Dutch firm wants to incorporate QuantiFERON technology into QIAsymphony and QIAensemble platforms.

The board of Australian diagnostics firm Cellestis is backing a proposed $355 million, A$3.55 (about $3.67) per share cash takeover by Qiagen. The offer represents a 24.3% premium on the average share price of Cellestis over the last month and a 39.2% premium on its volume weighted average share price over the last six months. Qiagen has already been granted options to acquire up to 19.9% of Cellestis’ ordinary shares from the latter’s two founders, subject to regulatory approvals and other specifications.

The Netherlands-based sample and assay technologies specialist is looking to take over Cellestis to acquire its QuantiFERON® diagnostics technology, which forms the basis of two approved assays: QuantiFERON-TB Gold In-Tube (QFT) for diagnosing latent tuberculosis and the EU-approved QuantiFERON-CMV assay for monitoring the risk of disease from cytomegalovirus (CMV) infection.

The QuantiFERON technology is a premolecular testing platform designed to detect cell-mediated immune (CMI) responses in whole blood samples. Cellestis claims the platform can provide diagnostic data earlier than current DNA-based molecular tests and detect the presence of latent infections in which the pathogens are present in amounts too low to be detectable using traditional DNA-based molecular techniques.

Qiagen says the QuantiFERON platform will complement its existing portfolio of molecular diagnostics and drive the use of DNA- and RNA-based molecular diagnostics by identifying at-risk patients who would then be tested using traditional diagnostics or disease-monitoring approaches. The firm aims to develop the QuantiFERON technology onto its existing and developmental platforms.

“We believe next-generation DNA- and RNA-based molecular testing can benefit from greater use of QuantiFERON technology,” comments Peer Schatz, Qiagen CEO. “Cellestis has developed a technology that is highly complementary to our portfolio and which we expect to migrate onto our QIAsymphony, QIAensemble, and our point-of-need platforms, thereby adding a new, unique assay menu to these Qiagen platforms.”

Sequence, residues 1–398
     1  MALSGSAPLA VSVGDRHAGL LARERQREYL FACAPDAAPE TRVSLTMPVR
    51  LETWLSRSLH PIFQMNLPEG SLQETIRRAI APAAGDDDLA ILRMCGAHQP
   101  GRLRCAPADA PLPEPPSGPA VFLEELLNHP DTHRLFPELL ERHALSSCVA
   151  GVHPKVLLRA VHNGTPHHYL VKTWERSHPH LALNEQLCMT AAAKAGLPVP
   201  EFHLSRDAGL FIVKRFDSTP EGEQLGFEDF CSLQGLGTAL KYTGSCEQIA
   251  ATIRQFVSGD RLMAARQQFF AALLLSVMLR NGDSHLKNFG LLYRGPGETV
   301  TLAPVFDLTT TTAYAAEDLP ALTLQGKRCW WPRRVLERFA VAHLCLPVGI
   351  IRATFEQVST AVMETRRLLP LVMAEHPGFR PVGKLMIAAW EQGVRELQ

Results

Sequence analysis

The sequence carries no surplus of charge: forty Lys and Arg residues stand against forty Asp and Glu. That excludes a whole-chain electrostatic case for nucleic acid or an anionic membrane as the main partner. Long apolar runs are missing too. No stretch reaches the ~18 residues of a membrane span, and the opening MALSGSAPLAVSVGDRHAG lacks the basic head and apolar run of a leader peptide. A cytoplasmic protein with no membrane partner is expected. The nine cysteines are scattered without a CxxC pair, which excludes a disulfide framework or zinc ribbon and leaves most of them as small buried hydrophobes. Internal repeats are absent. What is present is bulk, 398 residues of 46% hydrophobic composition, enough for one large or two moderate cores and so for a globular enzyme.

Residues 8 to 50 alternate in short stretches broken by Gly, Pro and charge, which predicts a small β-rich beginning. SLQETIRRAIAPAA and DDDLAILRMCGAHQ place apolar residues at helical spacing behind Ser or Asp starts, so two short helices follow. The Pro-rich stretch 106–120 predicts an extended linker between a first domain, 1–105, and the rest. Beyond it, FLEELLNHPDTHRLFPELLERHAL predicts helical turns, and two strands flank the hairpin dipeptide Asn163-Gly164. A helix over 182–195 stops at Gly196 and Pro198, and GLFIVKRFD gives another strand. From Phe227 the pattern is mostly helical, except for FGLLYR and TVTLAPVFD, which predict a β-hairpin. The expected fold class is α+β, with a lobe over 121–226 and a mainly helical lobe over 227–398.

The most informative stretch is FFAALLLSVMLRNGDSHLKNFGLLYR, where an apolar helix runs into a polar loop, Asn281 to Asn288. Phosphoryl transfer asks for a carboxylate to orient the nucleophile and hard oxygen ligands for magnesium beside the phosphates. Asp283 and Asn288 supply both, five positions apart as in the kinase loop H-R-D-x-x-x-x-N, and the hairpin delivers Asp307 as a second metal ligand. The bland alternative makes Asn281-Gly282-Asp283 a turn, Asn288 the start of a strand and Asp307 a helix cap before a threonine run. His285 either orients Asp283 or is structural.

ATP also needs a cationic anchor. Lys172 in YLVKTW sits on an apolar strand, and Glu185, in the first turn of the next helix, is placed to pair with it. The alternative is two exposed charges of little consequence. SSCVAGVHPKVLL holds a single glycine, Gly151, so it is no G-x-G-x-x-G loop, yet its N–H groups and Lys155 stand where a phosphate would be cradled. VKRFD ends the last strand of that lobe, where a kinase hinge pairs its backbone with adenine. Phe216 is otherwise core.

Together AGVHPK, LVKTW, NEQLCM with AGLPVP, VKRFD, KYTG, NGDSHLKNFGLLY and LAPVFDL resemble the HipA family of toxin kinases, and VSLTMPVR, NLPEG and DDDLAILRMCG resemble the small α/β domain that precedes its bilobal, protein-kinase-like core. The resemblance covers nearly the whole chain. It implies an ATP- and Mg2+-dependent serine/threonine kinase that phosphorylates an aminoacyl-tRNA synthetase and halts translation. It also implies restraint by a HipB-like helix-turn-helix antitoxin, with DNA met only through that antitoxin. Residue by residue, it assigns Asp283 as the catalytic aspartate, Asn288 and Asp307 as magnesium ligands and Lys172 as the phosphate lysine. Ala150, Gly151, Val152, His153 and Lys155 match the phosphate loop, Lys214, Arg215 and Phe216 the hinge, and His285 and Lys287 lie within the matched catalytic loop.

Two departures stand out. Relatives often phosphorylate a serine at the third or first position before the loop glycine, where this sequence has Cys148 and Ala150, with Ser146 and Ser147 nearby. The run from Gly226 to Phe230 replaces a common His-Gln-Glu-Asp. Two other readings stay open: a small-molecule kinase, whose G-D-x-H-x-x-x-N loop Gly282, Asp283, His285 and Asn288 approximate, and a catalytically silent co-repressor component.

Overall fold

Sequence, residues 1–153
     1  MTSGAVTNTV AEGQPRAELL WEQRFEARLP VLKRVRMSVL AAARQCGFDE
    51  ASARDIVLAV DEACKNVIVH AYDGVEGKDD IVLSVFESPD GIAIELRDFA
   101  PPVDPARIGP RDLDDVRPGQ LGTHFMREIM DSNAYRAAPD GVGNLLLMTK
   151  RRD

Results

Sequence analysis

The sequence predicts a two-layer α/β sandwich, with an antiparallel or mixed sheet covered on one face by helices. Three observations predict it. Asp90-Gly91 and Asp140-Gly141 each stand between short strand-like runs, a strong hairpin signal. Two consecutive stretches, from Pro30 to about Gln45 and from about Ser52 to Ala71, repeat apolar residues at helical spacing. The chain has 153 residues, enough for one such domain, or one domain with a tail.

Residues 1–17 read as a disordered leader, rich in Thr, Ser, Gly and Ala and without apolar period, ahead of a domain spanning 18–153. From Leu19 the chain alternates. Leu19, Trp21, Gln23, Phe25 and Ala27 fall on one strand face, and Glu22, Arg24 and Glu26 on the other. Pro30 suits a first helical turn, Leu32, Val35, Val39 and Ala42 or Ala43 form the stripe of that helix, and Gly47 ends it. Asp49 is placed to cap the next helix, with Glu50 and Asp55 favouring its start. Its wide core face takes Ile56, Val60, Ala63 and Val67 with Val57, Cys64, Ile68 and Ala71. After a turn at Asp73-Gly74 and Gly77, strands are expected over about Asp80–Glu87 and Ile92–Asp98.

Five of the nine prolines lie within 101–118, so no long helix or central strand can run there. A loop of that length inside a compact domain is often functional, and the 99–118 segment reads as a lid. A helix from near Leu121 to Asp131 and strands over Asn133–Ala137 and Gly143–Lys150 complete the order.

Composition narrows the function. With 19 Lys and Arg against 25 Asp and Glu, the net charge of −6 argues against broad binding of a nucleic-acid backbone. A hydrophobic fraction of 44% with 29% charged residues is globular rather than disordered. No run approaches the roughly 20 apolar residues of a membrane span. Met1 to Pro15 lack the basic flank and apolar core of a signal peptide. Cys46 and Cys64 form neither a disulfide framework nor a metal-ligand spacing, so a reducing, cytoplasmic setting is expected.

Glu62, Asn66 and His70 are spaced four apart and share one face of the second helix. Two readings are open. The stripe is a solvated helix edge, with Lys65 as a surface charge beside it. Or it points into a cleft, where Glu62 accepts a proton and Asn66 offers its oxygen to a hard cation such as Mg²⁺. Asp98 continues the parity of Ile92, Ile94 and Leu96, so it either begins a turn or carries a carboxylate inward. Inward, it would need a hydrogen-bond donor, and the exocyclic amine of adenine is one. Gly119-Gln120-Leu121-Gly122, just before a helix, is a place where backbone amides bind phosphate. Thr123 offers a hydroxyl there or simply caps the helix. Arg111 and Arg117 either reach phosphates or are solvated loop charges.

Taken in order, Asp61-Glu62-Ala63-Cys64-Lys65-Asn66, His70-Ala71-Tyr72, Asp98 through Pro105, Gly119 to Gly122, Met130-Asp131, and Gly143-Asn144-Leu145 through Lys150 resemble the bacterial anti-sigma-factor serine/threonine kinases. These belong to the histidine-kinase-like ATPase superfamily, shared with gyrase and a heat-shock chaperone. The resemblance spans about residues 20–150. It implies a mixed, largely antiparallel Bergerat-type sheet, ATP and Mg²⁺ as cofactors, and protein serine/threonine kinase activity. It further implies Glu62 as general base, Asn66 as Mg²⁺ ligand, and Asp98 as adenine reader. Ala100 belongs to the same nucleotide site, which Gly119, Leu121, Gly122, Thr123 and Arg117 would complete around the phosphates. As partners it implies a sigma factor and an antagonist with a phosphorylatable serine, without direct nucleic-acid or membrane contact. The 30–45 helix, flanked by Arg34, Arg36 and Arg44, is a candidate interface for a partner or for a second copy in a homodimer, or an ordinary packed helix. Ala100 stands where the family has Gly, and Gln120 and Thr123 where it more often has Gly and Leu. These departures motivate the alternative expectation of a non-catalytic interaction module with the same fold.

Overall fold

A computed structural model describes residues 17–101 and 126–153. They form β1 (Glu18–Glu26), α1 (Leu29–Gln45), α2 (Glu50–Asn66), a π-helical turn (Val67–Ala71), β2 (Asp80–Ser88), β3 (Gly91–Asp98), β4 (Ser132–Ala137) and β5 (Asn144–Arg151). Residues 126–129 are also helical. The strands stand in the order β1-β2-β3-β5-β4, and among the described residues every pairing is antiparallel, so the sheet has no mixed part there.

The QuantiFERON approach is based on challenging effector T cells in whole blood with a specific disease-related antigen and quantifying the resulting IFN- generated in the plasma. The blood of patients who have previously been exposed to the antigen through infection with the relevant pathogen harbor effector T cells that rapidly respond to exposure to the priming antigen, and resulting production of IFN- is a specific marker of a recall response.

Based in Melbourne, Cellestis also has operations in Valencia, CA, and in Darmstadt, Germany. The firm’s flagship QFT assay is approved in major markets including the U.S., Europe, Canada, and Japan. Designed to rapidly identify people infected with Mycobacterium tuberculosis, Quantiferon-TB Gold has been developed as an alternative to the current tuberculin skin test (TST). Requiring a simple in-tube incubation step, the assay more accurately identifies people who will progress to active TB disease than the TST and is far more sensitive, halving the number of infected people who would otherwise be missed using the TST technique, Cellestis claims. The QuantiFERON test is in addition over 99% specific, virtually eliminating false-positive readings.

The firm’s QuantiFERON-CMV test for measuring T-cell responses to CMV has also been CE-marked, and clinical trials are ongoing in the U.S. where the assay is currently available only for investigational use. Cellestis is in addition developing a QuantiFERON assay to detect exposure to leishmania parasite infection and has R&D programs for a range of other diseases and conditions.

The firm reported net sales of $42 million in fiscal year 2010 (ending June 30), up 17% on 2009.

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